Whenever I eat carbs or my blood sugars are high, I need to inject insulin. Many days I feel like I am eating constantly, which means injecting insulin constantly as well. For 3 years it wasn’t a problem. But when I started to notice pain and bruising in my abdomen and thighs from not rotating injection sites, a condition called lipohypertrophy, I knew something needed to change.
My doctor always told me to rotate injection sites to avoid these problems, but being my stubborn self I didn’t because my arms, back, and butt were much more difficult to reach than my abdomen and thighs. Realizing this pain and bruising was now part of my new reality, I wanted to do something about it. I wasn’t willing to accept lipohypertrophy, so I built a simple guide with a recessed needle in my parent’s garage that would stabilize the insulin pen for easy one-handed use. Steady Shot was born. After 3D printing a few prototypes for use with my insulin pen, I was finally able to rotate to sites which I previously couldn’t reach and provide relief to my over injected areas. For the first time, I could use my left hand to inject and reach the far left side of my body. I could comfortably inject in my arms, lower back, and butt. After rotating for some time, my bruising started to fade and injections in my abdomen slowly got less painful. Now, I don’t have bruising or pain at all.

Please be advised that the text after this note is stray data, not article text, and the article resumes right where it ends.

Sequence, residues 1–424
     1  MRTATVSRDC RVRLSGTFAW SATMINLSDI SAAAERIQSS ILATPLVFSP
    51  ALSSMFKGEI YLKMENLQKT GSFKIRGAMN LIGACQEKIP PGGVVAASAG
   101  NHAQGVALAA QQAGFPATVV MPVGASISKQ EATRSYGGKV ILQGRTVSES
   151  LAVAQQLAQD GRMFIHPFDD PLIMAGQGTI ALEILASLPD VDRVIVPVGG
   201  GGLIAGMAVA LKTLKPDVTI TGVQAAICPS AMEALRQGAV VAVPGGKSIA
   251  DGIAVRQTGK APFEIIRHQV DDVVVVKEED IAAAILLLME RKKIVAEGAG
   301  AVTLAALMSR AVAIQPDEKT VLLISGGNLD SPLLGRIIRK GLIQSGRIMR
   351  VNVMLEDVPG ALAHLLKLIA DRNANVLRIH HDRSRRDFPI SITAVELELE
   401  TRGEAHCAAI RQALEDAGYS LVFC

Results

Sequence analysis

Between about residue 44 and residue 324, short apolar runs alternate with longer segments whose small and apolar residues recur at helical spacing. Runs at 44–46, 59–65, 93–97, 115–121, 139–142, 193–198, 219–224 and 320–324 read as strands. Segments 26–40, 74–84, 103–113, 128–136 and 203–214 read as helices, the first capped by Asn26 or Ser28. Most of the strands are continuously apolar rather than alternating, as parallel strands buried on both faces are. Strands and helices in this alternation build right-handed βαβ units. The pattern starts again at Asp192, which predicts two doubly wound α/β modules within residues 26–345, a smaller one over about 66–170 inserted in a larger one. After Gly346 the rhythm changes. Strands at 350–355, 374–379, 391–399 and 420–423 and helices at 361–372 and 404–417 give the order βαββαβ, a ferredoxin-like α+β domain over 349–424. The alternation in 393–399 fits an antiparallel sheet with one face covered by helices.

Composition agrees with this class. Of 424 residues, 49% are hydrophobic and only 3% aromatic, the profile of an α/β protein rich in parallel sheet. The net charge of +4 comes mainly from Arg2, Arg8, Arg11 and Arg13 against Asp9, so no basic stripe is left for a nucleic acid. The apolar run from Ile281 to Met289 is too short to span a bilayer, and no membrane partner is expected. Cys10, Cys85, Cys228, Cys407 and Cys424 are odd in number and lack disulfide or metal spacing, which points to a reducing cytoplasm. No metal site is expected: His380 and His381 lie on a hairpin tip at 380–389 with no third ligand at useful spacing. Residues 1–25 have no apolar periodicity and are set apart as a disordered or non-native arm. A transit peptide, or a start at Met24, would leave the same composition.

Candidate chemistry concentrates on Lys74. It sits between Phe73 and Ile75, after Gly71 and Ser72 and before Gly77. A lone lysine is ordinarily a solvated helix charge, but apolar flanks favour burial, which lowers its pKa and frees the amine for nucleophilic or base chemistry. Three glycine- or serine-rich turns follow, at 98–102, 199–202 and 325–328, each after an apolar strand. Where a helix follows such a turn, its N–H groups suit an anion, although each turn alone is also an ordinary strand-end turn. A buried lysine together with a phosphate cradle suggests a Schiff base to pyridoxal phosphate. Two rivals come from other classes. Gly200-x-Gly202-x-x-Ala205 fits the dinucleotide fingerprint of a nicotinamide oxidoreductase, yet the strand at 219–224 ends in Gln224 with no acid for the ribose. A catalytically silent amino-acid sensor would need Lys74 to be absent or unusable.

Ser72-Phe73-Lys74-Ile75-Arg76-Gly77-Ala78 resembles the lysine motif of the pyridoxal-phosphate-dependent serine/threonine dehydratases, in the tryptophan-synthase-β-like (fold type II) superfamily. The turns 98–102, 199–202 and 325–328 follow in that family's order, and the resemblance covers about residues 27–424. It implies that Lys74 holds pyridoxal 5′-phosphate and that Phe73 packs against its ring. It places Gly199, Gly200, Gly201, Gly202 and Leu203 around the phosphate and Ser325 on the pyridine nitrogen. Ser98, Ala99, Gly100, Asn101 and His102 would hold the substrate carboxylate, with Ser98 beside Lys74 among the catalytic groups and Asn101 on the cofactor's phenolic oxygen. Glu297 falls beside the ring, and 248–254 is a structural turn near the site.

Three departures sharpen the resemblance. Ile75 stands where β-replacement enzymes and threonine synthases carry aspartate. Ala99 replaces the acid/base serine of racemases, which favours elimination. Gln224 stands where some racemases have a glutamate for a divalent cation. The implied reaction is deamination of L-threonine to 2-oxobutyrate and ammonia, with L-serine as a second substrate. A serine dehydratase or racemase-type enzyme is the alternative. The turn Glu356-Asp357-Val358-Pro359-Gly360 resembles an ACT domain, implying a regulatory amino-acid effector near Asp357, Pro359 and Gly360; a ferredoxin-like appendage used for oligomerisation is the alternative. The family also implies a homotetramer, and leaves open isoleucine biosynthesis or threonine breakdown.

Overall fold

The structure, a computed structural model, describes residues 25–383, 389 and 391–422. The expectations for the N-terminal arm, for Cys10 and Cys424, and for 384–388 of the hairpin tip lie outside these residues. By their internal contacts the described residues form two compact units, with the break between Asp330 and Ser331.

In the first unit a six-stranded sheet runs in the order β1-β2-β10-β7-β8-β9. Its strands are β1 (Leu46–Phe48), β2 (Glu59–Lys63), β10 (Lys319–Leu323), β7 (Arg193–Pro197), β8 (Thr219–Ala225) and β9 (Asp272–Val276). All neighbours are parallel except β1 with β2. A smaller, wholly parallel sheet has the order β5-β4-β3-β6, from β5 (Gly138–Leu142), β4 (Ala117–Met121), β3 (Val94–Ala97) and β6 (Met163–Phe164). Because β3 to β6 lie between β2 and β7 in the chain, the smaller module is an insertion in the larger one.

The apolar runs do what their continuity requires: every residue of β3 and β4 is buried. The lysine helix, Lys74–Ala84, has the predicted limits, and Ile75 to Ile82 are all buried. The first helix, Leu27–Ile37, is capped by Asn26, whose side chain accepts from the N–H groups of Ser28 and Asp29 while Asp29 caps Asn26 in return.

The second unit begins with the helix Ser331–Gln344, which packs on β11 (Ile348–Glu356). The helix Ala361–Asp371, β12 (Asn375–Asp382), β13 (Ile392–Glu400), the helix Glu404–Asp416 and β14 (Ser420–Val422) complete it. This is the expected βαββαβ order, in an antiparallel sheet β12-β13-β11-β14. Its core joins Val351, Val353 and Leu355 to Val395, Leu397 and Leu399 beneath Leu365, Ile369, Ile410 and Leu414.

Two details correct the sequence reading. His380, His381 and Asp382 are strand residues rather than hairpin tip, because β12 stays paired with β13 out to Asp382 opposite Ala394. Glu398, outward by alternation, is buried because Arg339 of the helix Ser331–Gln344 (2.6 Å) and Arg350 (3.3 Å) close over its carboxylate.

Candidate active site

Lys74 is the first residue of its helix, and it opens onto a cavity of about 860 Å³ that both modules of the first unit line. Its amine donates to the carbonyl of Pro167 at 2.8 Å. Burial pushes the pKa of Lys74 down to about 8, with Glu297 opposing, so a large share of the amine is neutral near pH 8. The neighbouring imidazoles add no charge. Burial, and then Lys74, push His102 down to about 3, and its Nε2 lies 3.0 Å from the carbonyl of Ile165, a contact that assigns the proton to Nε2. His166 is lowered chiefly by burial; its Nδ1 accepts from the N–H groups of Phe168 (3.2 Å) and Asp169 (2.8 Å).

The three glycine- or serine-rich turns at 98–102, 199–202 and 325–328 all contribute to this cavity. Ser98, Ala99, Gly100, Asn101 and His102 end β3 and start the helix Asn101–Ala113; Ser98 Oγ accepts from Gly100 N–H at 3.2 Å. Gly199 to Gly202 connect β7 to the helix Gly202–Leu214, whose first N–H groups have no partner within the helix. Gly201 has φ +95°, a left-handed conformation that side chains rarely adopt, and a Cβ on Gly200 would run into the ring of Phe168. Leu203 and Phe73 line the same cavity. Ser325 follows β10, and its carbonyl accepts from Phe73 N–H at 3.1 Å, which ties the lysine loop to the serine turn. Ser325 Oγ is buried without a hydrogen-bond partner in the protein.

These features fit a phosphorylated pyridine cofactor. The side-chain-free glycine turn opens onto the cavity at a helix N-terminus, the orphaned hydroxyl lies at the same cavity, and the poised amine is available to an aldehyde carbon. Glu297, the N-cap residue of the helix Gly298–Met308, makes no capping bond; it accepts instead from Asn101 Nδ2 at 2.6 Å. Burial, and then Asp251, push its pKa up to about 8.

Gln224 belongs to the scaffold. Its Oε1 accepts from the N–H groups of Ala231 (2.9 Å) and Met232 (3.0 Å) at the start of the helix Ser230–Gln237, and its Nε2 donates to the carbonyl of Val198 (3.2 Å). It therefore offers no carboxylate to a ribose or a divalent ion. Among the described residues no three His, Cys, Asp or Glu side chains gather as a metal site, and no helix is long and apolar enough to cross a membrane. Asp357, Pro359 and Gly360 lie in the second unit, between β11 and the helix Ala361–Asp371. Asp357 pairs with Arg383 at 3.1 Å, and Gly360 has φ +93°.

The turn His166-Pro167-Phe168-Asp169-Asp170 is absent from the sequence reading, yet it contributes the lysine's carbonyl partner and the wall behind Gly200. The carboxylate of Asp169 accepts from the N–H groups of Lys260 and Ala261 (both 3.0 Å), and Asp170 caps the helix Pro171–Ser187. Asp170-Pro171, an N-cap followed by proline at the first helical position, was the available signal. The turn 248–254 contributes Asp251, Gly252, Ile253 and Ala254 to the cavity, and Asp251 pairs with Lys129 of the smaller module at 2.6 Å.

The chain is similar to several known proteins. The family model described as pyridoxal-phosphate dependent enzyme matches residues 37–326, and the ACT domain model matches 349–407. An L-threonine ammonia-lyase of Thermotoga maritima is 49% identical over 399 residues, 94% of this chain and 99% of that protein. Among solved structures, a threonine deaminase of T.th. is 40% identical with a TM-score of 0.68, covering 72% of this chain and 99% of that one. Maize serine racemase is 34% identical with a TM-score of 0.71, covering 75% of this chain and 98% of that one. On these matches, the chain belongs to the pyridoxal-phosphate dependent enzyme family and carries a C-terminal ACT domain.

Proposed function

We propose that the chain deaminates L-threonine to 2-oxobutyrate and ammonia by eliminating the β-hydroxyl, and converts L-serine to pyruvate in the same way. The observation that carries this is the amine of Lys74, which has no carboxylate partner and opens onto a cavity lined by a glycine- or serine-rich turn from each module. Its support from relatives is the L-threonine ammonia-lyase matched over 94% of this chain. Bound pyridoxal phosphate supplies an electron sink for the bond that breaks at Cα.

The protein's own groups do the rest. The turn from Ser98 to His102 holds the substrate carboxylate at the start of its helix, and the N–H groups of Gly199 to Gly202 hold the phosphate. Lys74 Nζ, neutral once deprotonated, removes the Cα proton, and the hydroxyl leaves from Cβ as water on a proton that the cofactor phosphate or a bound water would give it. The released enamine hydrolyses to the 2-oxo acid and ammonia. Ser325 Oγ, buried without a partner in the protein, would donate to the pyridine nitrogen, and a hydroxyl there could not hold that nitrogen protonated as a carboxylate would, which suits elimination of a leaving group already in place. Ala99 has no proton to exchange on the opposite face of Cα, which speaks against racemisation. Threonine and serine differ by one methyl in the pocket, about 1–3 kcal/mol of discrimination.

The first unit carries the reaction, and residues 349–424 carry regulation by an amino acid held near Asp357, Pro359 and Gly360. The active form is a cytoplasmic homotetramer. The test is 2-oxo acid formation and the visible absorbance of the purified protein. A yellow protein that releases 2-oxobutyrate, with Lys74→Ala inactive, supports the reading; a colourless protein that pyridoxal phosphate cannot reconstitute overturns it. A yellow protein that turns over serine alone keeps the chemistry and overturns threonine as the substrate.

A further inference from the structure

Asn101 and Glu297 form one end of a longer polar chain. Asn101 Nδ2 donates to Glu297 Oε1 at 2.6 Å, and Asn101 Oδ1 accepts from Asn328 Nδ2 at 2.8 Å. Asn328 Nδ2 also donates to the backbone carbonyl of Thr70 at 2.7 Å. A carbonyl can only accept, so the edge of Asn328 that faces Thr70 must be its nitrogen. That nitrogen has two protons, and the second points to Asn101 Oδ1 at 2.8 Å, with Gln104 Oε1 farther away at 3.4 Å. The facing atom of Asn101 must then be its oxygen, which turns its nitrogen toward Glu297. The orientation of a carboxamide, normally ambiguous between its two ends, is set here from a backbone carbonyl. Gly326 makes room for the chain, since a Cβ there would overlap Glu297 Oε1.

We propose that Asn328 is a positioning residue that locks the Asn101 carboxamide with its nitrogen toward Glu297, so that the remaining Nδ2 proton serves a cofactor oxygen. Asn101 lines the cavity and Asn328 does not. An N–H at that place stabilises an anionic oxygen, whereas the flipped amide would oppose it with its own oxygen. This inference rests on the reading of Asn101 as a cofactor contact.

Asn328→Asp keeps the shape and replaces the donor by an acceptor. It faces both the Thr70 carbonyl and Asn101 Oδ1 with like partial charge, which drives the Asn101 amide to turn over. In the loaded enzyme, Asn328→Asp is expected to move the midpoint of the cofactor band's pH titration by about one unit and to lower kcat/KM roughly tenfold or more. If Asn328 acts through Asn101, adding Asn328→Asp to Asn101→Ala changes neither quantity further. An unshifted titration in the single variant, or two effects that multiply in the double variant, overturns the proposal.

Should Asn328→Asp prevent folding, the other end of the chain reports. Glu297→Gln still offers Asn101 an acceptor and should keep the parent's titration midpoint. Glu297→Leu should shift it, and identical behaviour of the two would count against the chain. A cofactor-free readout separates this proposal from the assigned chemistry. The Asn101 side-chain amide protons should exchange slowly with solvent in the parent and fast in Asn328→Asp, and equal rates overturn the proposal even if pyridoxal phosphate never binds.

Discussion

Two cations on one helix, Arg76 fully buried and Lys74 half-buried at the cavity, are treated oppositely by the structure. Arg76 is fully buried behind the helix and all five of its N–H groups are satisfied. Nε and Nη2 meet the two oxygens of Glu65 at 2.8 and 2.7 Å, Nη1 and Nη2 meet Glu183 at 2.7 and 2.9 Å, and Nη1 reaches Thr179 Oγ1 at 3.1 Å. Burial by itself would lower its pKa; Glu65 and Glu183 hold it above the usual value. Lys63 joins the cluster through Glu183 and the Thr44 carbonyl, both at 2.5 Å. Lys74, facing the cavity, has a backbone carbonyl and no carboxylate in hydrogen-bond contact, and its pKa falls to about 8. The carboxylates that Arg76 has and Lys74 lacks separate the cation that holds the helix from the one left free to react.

Such a simple little device has drastically changed my life so I created this company to get it in the hands of other injectors. 7.3 million Americans inject insulin and 38% have lipohypertrophy. With Steady Shot, it doesn’t have to be this way for the 2.8 million people suffering. While in college, I worked hard with a startup generator at UW-Madison, called Discovery to Product, that funded the commercialization of Steady Shot. After a long journey, Steady Shot is ready for order. I’m excited to hear injectors feedback after giving Steady Shot a try. I know Steady Shot will improve others' lives just like it has mine!